You'd Think NSA Employees Would Know Better Than To Hand Out Their Passwords, But Many Gave Them To Snowden
from the nsa-is-trustworthy? dept
In the latest bizarre news concerning the Snowden leaks, Reuters is reporting that Ed Snowden was able to convince a number of NSA employees to give him their login info, which helped him access a lot of the content. Of course, this differs from earlier reports, which had suggested that, as a sys admin, he’d simply been able to login as other employees.
A handful of agency employees who gave their login details to Snowden were identified, questioned and removed from their assignments, said a source close to several U.S. government investigations into the damage caused by the leaks.
Snowden may have persuaded between 20 and 25 fellow workers at the NSA regional operations center in Hawaii to give him their logins and passwords by telling them they were needed for him to do his job as a computer systems administrator, a second source said.
What fascinates me about this is the idea that if you were working for the NSA, wouldn’t you know to never give out your password to anyone, ever? It just seems like basic common sense (also: if you were one of those 20 to 25 people, I’d imagine that as soon as Snowden’s name came out, you were sweating bullets). You’d think that NSA employees wouldn’t do that sort of thing.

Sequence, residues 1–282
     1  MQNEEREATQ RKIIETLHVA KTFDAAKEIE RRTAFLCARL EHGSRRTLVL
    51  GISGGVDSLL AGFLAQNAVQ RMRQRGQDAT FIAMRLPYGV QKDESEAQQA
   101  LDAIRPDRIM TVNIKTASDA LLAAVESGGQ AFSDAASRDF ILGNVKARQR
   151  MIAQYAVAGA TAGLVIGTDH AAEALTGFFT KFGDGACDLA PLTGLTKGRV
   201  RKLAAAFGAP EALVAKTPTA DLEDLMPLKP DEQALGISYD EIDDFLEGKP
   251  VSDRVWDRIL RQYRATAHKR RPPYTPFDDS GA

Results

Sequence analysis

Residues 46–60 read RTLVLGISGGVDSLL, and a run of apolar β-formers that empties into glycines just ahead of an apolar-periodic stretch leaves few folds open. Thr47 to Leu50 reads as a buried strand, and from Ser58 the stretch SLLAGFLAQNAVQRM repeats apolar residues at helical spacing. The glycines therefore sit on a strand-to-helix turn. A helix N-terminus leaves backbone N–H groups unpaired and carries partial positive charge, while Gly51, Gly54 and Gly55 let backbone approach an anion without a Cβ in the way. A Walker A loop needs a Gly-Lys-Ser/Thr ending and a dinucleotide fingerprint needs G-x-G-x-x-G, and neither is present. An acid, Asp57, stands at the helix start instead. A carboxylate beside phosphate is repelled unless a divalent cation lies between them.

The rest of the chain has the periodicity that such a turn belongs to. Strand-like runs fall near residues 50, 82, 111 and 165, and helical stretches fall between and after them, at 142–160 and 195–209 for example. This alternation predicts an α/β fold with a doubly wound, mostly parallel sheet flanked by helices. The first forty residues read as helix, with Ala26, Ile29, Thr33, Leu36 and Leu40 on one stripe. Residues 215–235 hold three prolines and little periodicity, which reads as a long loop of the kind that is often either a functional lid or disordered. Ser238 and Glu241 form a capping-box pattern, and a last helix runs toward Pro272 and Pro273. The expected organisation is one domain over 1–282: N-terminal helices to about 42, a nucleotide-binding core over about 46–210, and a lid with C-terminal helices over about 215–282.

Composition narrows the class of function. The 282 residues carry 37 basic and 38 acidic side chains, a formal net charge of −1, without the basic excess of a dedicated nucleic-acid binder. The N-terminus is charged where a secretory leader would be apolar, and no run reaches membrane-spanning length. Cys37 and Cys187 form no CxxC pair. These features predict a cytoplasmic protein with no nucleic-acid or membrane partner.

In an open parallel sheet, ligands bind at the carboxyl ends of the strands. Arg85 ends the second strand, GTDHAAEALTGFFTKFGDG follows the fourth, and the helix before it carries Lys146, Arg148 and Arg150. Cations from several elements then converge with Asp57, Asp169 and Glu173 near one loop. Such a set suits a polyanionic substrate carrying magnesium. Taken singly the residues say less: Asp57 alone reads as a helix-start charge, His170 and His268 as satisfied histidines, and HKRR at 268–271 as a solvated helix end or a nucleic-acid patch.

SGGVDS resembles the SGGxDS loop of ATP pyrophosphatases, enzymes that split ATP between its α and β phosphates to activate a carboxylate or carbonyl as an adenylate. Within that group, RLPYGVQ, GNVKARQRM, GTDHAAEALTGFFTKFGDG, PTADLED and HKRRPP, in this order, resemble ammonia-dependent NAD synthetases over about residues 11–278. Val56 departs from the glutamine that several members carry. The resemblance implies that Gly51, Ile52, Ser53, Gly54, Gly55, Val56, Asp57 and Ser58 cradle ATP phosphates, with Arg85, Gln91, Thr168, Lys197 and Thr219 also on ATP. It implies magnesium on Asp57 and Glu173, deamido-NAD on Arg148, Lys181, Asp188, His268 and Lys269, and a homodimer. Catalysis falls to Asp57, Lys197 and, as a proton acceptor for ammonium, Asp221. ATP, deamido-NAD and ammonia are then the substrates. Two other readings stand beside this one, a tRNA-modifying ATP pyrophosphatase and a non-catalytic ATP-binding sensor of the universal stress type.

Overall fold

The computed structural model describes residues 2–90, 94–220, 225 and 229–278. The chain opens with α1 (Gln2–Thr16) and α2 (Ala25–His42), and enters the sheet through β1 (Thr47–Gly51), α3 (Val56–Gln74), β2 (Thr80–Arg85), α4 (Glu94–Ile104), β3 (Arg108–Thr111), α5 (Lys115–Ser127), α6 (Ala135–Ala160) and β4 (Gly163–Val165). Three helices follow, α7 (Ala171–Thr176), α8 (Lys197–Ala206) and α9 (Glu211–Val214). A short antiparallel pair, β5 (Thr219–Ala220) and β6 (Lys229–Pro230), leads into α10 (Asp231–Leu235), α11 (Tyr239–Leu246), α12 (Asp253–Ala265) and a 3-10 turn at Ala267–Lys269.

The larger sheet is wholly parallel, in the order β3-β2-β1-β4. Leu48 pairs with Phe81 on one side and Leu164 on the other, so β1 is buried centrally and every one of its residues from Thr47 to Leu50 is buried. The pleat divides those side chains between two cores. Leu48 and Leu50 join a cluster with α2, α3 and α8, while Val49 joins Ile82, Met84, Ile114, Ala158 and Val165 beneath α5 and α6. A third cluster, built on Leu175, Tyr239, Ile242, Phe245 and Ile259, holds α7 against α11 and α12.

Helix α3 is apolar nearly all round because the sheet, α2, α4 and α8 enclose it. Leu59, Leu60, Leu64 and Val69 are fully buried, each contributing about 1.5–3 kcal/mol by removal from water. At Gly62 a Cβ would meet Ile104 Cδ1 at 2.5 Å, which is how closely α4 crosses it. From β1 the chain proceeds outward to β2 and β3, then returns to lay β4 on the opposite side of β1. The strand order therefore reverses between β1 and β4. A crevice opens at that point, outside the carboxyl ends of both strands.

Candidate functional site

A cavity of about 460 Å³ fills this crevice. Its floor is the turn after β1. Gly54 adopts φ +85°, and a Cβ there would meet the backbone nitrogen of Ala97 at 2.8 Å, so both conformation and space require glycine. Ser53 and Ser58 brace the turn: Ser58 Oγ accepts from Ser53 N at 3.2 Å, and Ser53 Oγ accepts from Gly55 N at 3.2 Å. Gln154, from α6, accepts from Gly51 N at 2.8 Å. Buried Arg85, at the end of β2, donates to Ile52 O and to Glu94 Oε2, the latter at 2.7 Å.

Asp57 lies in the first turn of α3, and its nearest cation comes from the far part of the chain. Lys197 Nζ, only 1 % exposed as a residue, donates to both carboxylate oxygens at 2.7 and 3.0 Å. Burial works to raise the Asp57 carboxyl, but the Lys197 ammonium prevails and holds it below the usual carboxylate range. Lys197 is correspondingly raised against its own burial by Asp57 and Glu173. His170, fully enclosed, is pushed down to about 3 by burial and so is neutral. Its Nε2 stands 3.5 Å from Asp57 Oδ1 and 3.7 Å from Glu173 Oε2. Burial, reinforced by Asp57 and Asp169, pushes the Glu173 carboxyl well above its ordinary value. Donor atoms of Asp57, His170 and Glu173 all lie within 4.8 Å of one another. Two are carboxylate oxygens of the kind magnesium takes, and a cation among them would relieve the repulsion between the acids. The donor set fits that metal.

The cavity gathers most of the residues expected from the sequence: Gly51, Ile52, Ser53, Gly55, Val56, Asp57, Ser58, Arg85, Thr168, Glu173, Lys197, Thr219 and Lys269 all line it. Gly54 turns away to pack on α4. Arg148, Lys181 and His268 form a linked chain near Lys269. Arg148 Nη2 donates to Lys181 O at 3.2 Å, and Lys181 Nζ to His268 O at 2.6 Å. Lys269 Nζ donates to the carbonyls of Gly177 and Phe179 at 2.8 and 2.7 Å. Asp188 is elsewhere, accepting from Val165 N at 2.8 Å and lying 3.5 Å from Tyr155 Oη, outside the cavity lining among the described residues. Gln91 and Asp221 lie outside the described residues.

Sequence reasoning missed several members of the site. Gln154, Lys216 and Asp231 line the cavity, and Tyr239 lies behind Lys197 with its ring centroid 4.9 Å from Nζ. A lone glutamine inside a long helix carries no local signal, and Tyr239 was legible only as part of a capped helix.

And, once again, what this brings us back around to is the simple fact that NSA employees are humans and sometimes they do the wrong thing. That is why the surveillance program is so worrisome. Keith Alexander and others can insist that there were only a small number of abuses, but all the data actually showed is that the NSA only caught a small number of abuses. It’s quite likely that many more have happened, and continue to happen. The fact that it’s apparently not that difficult to get NSA employees to cough up their login info shows that for all the talk of careful review, audits, limits and security — humans remain a very weak link, and there are all sorts of ways to get at information even if the NSA believes it’s locked down and carefully monitored.